Health has gained importance on the global agenda. It has become recognized in forums where it was once not addressed. In this article three issues are considered: global health policy actors, global health priorities and the means of addressing the identified health priorities. I argue that the arenas for global health policy-making have shifted from the public spheres towards arenas that include the transnational for-profit sector. Global health policy has become increasingly fragmented and verticalized. Infectious diseases have gained ground as global health priorities, while non-communicable diseases and the broader issues of health systems development have been neglected. Approaches to tackling the health problems are increasingly influenced by trade and industrial interests with the emphasis on technological solutions.
Ethics is a discipline, which primarily deals with what is moral and immoral behavior. Public Health Ethics is translation of ethical theories and concepts into practice to address complex multidimensional public health problems. The primary purpose of this paper was to conduct a narrative literature review-addressing role of ethics in developing curriculum in programs and schools of public health, ethics-related instruction in schools and programs of public health and the role of ethics in developing a competent public health workforce.
An open search of various health databases including Google scholar and Ebscohost yielded 15 articles related to use of ethics in public health practice or public health training and the salient features were reported.
Results indicated a variable amount of ethics’ related training in schools and programs of public health along with public health practitioner training across the nation. Bioethics, medical ethics and public health ethics were found to be subspecialties’ needing separate ethical frameworks to guide decision making.
Ethics based curricular and non-curricular training for emerging public health professionals from schools and programs of public health in the United States is extremely essential. In the current age of public health challenges faced in the United States and globally, to have an ethically untrained public health force is arguably, immoral and unethical and jeopardizes population health. There is an urgent need to develop innovative ethic based curriculums in academia as well as finding effective means to translate these curricular competencies into public health practice.
Ethics; Public health Ethics; Competencies; Public health workforce; USA
Addressing the global prevalence of chronic and unrelieved pain, especially in developing countries, requires heightened awareness (particularly to the socioeconomic burden of pain), enhanced pain education, improvements to pain care and increases to pain research resources. This article begins with a brief overview of recent advances in pain research and management, and subsequently identifies several opportunities and approaches to confront the global epidemic of chronic pain and its related issues, acknowledging that the variability among countries in health care policies, programs and resources will require specific tailoring to each country’s socioeconomic and educational situation.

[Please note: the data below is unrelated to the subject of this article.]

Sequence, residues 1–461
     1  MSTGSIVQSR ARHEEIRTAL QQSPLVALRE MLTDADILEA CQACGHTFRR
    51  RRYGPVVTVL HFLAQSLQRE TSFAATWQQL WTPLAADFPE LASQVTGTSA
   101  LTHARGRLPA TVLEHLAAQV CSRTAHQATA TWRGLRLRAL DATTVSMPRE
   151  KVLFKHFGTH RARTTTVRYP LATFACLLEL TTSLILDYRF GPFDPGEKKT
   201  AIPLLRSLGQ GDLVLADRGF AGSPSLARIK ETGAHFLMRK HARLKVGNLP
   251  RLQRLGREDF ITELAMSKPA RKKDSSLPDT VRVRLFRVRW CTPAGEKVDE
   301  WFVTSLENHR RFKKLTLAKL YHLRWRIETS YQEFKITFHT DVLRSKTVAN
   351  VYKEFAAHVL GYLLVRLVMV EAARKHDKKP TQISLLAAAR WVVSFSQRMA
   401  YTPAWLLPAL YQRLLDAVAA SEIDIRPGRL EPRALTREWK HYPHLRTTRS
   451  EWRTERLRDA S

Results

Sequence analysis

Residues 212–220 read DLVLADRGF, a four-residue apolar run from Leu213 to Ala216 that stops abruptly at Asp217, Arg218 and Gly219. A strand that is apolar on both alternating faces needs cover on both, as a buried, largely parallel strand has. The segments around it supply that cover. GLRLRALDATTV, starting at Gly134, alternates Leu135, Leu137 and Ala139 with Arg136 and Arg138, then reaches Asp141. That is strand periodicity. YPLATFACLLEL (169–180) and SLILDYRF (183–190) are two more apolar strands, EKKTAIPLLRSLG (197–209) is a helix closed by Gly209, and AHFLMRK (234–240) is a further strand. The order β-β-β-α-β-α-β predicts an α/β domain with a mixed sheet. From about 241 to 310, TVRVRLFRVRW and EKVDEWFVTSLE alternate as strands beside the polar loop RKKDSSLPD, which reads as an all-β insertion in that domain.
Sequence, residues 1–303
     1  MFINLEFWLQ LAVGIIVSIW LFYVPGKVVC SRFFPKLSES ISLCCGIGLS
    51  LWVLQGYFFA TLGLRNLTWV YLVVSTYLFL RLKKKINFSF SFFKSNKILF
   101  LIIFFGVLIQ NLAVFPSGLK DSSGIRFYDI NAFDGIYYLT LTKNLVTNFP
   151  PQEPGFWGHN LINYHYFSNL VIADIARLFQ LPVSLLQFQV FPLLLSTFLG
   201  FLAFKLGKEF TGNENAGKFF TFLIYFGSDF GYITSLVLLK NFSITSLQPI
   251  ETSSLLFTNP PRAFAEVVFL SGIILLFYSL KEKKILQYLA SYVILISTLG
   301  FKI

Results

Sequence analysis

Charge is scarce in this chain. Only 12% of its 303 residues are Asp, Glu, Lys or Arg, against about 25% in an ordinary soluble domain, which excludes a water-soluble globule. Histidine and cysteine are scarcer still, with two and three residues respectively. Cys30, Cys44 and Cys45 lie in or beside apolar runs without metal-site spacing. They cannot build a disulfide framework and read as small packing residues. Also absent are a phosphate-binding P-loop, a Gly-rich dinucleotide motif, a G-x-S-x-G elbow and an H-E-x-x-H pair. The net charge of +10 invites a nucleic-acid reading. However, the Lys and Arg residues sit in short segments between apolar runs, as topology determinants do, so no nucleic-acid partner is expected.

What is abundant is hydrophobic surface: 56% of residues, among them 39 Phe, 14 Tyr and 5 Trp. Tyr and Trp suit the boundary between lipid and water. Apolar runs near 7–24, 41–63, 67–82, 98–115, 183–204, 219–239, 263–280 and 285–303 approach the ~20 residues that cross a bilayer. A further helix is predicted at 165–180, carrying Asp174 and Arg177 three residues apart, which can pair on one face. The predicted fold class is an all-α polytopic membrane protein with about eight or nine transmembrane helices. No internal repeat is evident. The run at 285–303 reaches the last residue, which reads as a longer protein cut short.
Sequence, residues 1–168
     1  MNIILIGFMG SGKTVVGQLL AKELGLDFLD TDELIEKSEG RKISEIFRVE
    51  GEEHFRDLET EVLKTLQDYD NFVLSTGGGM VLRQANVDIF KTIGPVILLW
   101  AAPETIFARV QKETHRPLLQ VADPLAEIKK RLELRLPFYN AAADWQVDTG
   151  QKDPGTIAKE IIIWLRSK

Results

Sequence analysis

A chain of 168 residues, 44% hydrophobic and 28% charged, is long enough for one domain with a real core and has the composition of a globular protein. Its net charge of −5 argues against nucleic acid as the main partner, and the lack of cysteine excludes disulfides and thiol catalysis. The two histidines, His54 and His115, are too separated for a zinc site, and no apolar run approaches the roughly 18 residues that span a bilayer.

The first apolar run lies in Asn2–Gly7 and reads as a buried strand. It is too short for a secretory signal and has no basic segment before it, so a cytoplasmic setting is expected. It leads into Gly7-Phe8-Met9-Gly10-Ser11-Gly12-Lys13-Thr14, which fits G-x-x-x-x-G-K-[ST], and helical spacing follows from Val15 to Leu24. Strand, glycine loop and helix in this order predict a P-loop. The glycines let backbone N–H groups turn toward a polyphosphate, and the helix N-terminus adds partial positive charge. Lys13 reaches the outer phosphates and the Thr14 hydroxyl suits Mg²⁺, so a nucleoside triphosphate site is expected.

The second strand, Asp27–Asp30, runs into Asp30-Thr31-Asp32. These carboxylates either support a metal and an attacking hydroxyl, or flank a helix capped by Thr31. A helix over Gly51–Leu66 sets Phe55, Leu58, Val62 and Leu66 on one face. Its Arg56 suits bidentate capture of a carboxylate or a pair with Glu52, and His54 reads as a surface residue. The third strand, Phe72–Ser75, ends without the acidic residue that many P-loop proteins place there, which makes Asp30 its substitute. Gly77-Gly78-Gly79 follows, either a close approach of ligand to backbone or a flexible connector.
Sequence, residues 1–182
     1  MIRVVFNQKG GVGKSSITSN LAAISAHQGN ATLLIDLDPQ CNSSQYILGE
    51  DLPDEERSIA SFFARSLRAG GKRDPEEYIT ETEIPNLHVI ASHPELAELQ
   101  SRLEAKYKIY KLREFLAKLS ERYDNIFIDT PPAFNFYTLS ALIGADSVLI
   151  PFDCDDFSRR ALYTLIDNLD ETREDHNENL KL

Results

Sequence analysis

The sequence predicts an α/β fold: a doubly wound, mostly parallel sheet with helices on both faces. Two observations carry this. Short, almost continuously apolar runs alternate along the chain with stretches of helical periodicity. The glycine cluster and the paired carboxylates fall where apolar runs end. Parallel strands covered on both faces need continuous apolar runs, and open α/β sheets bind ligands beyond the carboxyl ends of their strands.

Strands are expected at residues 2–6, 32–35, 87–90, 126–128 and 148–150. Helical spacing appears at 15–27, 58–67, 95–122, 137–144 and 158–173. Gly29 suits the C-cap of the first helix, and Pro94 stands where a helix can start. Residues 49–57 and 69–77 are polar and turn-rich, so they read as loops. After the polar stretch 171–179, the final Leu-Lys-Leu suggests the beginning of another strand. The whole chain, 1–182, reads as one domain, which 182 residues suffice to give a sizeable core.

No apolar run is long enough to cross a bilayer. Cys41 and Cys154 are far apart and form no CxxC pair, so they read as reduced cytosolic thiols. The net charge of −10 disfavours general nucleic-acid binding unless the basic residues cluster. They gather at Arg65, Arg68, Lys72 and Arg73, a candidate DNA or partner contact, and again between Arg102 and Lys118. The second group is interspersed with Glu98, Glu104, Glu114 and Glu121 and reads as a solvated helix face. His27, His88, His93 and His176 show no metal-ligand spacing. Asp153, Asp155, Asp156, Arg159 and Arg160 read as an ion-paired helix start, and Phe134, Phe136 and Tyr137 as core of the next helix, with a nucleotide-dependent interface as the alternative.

Despite many recent advances in the past 40 years in the understanding of pain mechanisms, and in pain diagnosis and management, considerable gaps in knowledge remain, with chronic pain present in epidemic proportions in most countries. It is often unrelieved and is associated with significant socioeconomic burdens. Several opportunities and approaches to address this crisis are identified in the present article. Most crucial is the need to increase pain awareness, enhance pain education, improve access to pain care and increase pain research resources. Given the variability among countries in health care policies and programs, resources and educational programs, many of the approaches and strategies outlined will need to be tailored to each country’s socioeconomic and educational situation.
Access; Awareness; Education; Pain; Research
Physical activity has been identified as a public health priority. In response, training and professional development opportunities have been created to increase the capacity of public health practitioners to address this issue. Currently, training resources are primarily reaching national- and state-level professionals. Local-level physical activity and public health practitioners can also benefit from these resources. The Move More Scholars Institute, a 4-day training course for community-based physical activity practitioners in North Carolina, was developed for local practitioners. This article will describe the planning of, implementation of, and initial response to the Move More Scholars Institute.
Air pollution is a global health issue with serious public health implications, particularly for children. Usually respiratory effects of air pollutants are considered, but this review highlights the importance of non-respiratory health hazards. In addition to short-term effects, exposure to criteria air pollutants from early life might be associated with low birth weight, increase in oxidative stress and endothelial dysfunction, which in turn might have long-term effects on chronic non-communicable diseases. In view of the emerging epidemic of chronic disease in low- and middle- income countries, the vicious cycle of rapid urbanization and increasing levels of air pollution, public health and regulatory policies for air quality protection should be integrated into the main priorities of the primary health care system and into the educational curriculum of health professionals.